Cape Town

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Cape Town

or

Capetown,

city, legislative capital of South Africa, capital of Western Cape prov., and seat of the City of Cape TownCape Town, City of,
metropolitan municipality (2011 pop. 3,740,026), Western Cape prov., South Africa, on the Atlantic Ocean. Cape Town is the municipal seat. In 1996 the Cape Town metropolitan area was divided into six municipalities; in 2006 these were merged to form the City
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 metropolitan municipality; a port on the Atlantic Ocean. It was the capital of Cape ProvinceCape Province,
former province, S South Africa. Under the South African constitution of 1994 it was divided into Eastern Cape, Western Cape, Northern Cape, and part of a fourth province, North West.
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 before that province's subdivision in 1994. The city lies at the foot of Table Mt. (c.3,570 ft/1,090 m) and on the shore of Table Bay. Cape Town is a commercial and industrial center; oil refining, food, chemical, and fertilizer processing, and the manufacture of automobiles, leather and plastic goods, and clothing are the chief industries. An important port, Cape Town exports mainly gold, diamonds, and fruits. With one of the world's largest drydocks, ship repairing is an important industry. Much of the former dock area is now a commercial and tourist waterfront area with museums (notably the Zeitz Museum of Contemporary Art Africa), craft markets, and restaurants.

Cape Town was founded in 1652 by Gov. Jan van Riebeeck as a supply station on the Dutch East India Company's sea route to the East. In 1795 the British occupied the city. It was returned to the Dutch in 1803 but recaptured in 1806 by the British, who established Cape of Good Hope Colony with Cape Town as capital. When the Union of South Africa was formed in 1910, Cape Town became its legislative capital and Pretoria its administrative capital.

Cape Town's attractions include the Castle, a fortress dating from 1666; the Dutch Reformed church (begun 1699); Old Town House (1755), which contains a museum of 17th-century Flemish and Dutch paintings; and botanical gardens and an aquarium. The Univ. of Cape Town and a technical college are in the city; nearby is the Groote Schuur estate, the former prime minister's and president's residence, now a museum and the Univ. of the Western Cape. The city has an international airport. Robben Island, a former political prison, is offshore.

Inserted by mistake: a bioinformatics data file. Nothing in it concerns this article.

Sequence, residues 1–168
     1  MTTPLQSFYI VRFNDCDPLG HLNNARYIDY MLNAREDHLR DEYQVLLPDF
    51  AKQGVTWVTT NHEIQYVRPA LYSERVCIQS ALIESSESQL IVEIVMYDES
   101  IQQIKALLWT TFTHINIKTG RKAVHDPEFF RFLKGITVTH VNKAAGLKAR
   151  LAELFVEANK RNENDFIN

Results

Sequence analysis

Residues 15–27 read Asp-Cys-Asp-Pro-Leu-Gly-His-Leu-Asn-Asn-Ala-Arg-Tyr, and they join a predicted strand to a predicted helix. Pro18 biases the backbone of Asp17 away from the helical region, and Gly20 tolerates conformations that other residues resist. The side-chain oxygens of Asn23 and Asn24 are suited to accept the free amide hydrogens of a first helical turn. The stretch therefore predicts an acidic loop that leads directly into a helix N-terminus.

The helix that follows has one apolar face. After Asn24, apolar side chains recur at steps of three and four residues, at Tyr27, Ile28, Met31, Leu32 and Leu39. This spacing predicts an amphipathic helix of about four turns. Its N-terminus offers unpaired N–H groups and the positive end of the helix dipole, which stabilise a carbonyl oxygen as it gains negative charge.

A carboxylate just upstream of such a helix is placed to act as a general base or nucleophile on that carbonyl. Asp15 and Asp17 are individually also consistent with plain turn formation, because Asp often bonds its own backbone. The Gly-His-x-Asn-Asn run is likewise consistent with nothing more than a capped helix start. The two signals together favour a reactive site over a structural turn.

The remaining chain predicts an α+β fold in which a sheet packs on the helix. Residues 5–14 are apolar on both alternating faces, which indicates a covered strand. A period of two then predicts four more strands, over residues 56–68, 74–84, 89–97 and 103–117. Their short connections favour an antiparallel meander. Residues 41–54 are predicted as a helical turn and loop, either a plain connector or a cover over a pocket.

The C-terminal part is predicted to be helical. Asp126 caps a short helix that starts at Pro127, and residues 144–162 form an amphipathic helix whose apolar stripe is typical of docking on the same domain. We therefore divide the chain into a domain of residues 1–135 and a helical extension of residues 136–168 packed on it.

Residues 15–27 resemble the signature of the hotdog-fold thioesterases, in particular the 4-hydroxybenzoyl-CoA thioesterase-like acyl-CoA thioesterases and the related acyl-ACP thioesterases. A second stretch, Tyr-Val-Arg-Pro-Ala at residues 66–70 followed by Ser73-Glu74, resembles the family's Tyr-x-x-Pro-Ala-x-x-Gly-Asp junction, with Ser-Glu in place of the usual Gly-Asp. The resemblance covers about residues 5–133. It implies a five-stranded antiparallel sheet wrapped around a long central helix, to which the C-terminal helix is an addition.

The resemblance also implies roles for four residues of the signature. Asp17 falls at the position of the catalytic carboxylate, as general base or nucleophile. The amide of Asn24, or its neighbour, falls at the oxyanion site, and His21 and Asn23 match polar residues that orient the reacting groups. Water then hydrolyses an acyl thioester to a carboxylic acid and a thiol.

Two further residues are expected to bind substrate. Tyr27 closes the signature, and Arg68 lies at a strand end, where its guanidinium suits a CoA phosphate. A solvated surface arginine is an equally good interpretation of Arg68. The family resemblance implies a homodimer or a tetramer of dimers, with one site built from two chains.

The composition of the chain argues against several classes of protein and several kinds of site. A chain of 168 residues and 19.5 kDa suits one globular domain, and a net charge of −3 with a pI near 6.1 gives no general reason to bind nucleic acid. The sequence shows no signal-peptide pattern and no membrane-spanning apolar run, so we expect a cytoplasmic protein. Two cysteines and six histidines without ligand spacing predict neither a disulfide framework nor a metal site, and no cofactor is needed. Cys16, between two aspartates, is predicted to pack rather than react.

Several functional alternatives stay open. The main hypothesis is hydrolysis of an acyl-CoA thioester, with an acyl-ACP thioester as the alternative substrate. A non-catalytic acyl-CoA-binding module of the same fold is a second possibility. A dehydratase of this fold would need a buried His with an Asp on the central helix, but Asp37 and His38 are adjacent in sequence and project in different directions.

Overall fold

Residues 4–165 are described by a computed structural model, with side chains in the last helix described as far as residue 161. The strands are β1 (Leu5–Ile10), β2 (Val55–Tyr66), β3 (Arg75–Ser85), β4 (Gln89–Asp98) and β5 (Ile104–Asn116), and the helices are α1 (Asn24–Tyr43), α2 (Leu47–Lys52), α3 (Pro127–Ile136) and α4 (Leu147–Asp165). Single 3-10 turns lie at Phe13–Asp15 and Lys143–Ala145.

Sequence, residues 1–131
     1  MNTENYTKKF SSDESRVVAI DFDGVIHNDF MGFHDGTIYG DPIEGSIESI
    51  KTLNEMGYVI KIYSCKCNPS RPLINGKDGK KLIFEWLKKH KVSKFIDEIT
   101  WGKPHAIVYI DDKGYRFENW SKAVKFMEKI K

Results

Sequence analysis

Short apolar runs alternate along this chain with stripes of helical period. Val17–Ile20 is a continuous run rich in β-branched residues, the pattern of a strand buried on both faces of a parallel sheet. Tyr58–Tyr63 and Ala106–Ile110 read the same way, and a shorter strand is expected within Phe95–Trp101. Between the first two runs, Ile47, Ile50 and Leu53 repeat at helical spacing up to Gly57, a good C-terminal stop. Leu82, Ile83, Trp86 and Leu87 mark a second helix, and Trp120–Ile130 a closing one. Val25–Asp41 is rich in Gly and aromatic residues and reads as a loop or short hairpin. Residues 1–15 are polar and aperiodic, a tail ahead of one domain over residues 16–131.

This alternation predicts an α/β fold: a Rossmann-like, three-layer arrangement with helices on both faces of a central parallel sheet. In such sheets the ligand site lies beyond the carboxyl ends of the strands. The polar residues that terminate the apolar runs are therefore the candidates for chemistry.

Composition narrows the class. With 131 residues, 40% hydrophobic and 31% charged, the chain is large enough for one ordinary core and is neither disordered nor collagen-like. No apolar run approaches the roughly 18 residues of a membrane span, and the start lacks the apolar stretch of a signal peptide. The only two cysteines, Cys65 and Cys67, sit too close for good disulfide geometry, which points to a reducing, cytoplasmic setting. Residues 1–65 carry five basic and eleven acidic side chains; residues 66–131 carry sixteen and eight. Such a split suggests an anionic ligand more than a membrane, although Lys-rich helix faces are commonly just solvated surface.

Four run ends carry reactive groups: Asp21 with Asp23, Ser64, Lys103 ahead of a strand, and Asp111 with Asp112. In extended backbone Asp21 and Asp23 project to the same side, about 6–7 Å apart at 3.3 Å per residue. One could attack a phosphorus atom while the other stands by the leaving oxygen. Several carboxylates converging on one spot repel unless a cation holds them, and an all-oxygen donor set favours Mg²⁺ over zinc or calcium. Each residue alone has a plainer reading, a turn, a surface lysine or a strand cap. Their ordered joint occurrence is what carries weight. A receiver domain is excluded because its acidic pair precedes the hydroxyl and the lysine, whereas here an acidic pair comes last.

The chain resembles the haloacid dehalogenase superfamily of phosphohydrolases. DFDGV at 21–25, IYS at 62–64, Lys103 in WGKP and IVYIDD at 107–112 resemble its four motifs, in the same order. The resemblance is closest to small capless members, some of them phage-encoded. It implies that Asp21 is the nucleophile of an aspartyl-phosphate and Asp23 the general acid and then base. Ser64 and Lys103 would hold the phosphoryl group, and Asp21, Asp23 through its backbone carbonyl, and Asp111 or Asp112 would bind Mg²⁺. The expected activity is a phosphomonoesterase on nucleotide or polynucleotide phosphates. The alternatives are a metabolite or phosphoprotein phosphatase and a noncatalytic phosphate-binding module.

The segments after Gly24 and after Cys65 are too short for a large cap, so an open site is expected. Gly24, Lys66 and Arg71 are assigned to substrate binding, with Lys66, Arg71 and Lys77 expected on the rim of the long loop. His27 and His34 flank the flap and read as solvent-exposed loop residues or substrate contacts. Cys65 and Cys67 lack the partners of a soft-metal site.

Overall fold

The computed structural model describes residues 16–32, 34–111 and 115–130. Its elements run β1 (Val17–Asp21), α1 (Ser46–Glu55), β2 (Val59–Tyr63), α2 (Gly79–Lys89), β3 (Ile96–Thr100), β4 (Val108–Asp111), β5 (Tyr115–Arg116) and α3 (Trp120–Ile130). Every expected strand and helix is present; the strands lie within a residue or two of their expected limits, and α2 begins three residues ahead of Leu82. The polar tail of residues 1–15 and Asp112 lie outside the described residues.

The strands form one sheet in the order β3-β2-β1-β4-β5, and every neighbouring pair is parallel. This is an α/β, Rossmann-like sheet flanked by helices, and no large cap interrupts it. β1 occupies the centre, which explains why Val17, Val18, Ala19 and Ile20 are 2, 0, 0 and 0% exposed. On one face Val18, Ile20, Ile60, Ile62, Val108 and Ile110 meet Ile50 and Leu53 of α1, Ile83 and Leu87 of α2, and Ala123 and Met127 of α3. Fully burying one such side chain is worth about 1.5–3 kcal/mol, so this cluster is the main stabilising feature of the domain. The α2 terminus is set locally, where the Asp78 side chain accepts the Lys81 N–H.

Cape Town

 

(Kaapstad), a city in the southwest of the Republic of South Africa near the Cape of Good Hope; the administrative center of the Cape of Good Hope Province (Cape Province) and the seat of the country’s parliament. It is the second-largest city in South Africa, with a population of 1,100,000 (1970), of whom 50 percent are Coloureds, 10 percent black Africans, and 40 percent of European extraction. The non-European population in Cape Town is subjected to severe racial discrimination.

Cape Town was founded in 1652 by the Dutch East India Company and served as the administrative center of Cape Colony. In 1806 it was captured by the British, and when the Union of South Africa was formed in 1910, it became part of Cape Province.

Cape Town is South Africa’s second most important industrial center. Enterprises for metalworking, shipbuilding and repair, railroad-car construction, oil refining, and automobile assembly are located there; the manufacture of cement, textiles, and canned food is extensively developed, as are diamond-cutting, lumbering, and wine-making. Cape Town is a base for foreign whaling flotillas and is a major railroad and highway junction. It is also one of Africa’s largest ports, located on a shipping route from Europe to Southeast Asia and the Far East. The port has oil tanks, grain elevators, and cold stores. Wool, raw hides, fruit, corn, diamonds, and gold are exported; oil products, lumber, and fertilizers are imported.

A. S. POKROVSKII

Cape Town

the legislative capital of South Africa and capital of Western Cape province, situated in the southwest on Table Bay: founded in 1652, the first White settlement in southern Africa; important port. Pop.: 827 219 (2001)
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